The first interim report of the Expert Committee, dealing with the issue of backwater effects, rejected the project authorities’ contention that on recalculation the backwater level of SSP was going to be much lower than earlier stated. That contention had been used to assert that gates and other proposed structures could be proceeded with without concern over any additional submergence over that relating to the approved level of 121.7 metres. The report showed this to be untrue. Now the second interim report comes up with a strong finding of non-compliance on virtually all environmental aspects. This is a clear vindication of the NBA’s assertions over the years.
It is a matter of grave concern for more than one reason. One, this is not a non-official committee or a committee of environmental activists, but a government committee consisting almost entirely of technocrats, retired forest officials and the like; two, its findings point to a fundamental and near total violation of significant aspects of the Supreme Court’s judgment; and three, the severe environmental damage documented in its pages is largely irreversible.
Even assuming that ‘development’ can be pursued without any concern for the environment, and that some argument can be found to defend the flouting of a Supreme Court judgment, there are several other concerns that should worry the votaries of ‘large infrastructural development at all costs.’ Untreated catchments can shorten the life of projects through siltation, thus altering their cost-benefit ratios; they can also bring about increased run-off and washing-off of soil nutrients with adverse consequences for the productivity of irrigated land (as also for the aquatic and river-bank species and fisheries); dam operations in such unstable catchments can lead (and have led, in at least one incident already here) to flash floods with tragic consequences; and so on. These are hard, practical and often economic consequences that can be noted by all and not only by ‘environmentalists’. One hopes that Indian society as a whole — citizens and government alike — will take at least these concerns seriously.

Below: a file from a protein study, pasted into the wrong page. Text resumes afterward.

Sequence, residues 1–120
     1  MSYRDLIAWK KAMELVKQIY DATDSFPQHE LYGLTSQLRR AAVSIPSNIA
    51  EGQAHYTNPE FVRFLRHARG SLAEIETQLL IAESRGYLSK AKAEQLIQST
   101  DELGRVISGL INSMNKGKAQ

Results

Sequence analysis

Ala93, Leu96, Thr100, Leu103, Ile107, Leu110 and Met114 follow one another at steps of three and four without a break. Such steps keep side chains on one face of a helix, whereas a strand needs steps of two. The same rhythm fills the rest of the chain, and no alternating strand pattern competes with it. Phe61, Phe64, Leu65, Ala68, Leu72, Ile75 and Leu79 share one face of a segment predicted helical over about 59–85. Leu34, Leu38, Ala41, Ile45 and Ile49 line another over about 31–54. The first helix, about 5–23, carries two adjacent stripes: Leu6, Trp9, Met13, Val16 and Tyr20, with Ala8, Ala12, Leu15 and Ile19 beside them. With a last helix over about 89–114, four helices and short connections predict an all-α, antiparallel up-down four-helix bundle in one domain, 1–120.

In the meanwhile, the SC, possibly not having yet been seized of the second environmental committee’s report, has said that work on canals can start subject to the approval of the MoEF of the CAD plans submitted for the Omkareshwar Hydroelectric Project (OHP) and the ISP. However, since the report is itself in pursuance of court directives, the MoEF can and should halt all further work on the project, bringing this anomaly to the court’s attention.
Where do we go from here? We cannot say, but many will be watching keenly to see how the government responds to the recommendations of its committee. We must hope that the response will not be such as to make us doubt the seriousness of its professions of concern for the environment.